TUESDAY, Oct. 25, 2016 (HealthDay News) — For older adults, a fractured hip is often life-changing: The majority will never return to their former levels of independence and physical activity, according to new research.
“We all hope for full recovery, but less than half recover to their previous function after a hip fracture,” said Dr. Victoria Tang, lead author of the study.
The chances of recovery among hip-fracture patients older than 85 with dementia or other health problems are even lower, the study authors found.
“By being able to set realistic expectations of the likelihood of recovery, as family members, we can take steps to plan and prepare for future care needs of the patient,” added Tang. She is medical director of the geriatric surgery wellness program at the University of California, San Francisco.
For older adults, the odds of suffering a hip fracture increase as bones tend to weaken. The U.S. Centers for Disease Control and Prevention reports that more than 300,000 people aged 65 and older are hospitalized for hip fractures each year.
Using the nationally representative Health and Retirement Study, Tang and her colleagues reviewed data on just over 730 adults aged 65 and older (average age nearly 85 years) who had sustained a hip fracture. The researchers assessed each patient’s health and physical ability before and after the injury.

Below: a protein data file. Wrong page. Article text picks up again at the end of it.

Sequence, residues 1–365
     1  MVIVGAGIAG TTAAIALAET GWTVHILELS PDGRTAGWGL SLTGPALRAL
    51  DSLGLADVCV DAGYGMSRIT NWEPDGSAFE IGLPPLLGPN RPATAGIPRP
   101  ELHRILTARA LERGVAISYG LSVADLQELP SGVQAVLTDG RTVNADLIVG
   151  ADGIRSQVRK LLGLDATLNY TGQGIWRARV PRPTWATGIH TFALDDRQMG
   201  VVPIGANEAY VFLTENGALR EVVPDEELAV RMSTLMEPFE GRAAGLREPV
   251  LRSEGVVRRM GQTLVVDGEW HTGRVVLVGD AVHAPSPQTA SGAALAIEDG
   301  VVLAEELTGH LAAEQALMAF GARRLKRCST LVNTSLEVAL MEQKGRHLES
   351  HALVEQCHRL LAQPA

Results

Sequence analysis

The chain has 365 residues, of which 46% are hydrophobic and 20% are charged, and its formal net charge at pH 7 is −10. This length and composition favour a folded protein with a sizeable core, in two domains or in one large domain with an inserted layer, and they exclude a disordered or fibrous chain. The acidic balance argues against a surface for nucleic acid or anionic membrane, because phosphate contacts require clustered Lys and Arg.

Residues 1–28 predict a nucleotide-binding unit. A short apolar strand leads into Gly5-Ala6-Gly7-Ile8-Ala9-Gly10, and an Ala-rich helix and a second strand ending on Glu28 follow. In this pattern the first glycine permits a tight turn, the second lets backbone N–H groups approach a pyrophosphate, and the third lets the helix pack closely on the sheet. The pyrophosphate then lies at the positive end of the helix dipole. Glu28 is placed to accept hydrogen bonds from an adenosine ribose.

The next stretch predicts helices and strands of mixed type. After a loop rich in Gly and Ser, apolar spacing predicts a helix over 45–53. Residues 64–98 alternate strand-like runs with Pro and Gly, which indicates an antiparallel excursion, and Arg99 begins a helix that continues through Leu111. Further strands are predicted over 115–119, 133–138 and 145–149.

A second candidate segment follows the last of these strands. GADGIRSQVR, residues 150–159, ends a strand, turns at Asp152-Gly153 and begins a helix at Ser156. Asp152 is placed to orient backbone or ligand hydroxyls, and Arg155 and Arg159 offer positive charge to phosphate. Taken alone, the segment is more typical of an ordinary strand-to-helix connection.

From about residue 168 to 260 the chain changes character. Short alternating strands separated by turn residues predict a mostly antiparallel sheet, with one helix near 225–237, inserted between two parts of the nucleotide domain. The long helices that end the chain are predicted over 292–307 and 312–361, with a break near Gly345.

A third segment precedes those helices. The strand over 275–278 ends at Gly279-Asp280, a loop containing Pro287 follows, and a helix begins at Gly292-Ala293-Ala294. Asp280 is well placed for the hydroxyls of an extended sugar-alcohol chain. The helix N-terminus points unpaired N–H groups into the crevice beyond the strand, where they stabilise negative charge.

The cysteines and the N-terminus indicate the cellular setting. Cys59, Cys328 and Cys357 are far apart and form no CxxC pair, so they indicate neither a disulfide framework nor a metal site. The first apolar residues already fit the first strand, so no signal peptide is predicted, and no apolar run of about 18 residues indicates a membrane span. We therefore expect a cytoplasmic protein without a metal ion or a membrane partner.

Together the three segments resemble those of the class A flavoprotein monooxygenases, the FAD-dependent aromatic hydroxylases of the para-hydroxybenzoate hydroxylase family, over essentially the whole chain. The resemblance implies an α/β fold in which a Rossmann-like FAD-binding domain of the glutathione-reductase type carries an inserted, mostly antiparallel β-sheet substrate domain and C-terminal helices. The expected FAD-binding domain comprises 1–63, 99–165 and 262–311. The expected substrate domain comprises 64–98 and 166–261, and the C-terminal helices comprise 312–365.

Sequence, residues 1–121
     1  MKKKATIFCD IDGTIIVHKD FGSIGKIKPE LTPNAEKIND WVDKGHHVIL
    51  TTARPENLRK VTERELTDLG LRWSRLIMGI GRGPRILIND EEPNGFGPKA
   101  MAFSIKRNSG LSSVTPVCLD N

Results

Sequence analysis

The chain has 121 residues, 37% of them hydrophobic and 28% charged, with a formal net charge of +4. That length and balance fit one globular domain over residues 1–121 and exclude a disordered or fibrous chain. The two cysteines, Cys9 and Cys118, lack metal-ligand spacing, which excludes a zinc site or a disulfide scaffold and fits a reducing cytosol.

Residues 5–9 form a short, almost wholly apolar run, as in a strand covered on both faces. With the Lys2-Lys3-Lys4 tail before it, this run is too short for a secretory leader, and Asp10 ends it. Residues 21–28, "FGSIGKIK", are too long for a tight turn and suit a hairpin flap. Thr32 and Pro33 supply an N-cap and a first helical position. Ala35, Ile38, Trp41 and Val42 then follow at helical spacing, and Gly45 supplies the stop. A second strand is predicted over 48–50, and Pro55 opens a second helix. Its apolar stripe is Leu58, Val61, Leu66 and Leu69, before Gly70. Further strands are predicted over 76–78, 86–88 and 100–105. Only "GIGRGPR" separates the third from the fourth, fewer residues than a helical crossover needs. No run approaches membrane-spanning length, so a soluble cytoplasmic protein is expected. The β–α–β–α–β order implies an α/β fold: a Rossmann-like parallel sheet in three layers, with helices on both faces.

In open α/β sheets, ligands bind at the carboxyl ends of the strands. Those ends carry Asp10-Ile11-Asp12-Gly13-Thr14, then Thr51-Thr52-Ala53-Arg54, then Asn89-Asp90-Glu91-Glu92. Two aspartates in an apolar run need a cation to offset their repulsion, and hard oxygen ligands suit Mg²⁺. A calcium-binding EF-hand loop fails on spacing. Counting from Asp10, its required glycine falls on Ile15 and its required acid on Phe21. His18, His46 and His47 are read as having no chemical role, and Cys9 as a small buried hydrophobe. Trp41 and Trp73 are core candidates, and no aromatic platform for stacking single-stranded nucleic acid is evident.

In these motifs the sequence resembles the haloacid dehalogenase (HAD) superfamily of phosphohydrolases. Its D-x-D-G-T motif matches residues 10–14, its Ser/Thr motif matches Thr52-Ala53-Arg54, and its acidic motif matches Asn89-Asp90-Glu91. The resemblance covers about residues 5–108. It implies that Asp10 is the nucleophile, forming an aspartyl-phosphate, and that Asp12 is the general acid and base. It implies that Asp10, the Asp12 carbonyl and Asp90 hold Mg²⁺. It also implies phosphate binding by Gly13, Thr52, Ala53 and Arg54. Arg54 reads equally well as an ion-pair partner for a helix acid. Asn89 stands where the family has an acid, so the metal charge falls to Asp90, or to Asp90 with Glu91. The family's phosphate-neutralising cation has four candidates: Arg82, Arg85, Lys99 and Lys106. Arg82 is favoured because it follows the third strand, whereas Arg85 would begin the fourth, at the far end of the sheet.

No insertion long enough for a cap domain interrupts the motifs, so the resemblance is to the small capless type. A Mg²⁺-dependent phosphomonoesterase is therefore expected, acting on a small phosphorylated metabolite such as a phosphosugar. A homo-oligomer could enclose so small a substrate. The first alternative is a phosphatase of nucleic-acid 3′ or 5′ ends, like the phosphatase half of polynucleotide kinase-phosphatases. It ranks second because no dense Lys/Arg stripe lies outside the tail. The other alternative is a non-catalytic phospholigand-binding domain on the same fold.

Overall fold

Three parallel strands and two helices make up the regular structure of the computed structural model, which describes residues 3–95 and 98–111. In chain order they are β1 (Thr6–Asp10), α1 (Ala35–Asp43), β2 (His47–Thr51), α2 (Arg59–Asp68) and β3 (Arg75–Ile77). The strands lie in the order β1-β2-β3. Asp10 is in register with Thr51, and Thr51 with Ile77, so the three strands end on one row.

For instance, could they walk around the block or climb stairs without resting before their fracture? And afterwards, were they able to dress themselves and get to the bathroom on their own?
The researchers found that the likelihood of recovery to the prefracture level of function was less than 50 percent regardless of previous ability level.
About one in three returned to their prior daily functioning, according to the analysis. Just over one-third were able to move as before, and only four out of 10 regained their former ability to climb stairs. Even for those who were very physically active before their injury, outcomes were only slightly better, the findings showed.
The study authors also found that about one-third of patients returned to living independently without assistance.
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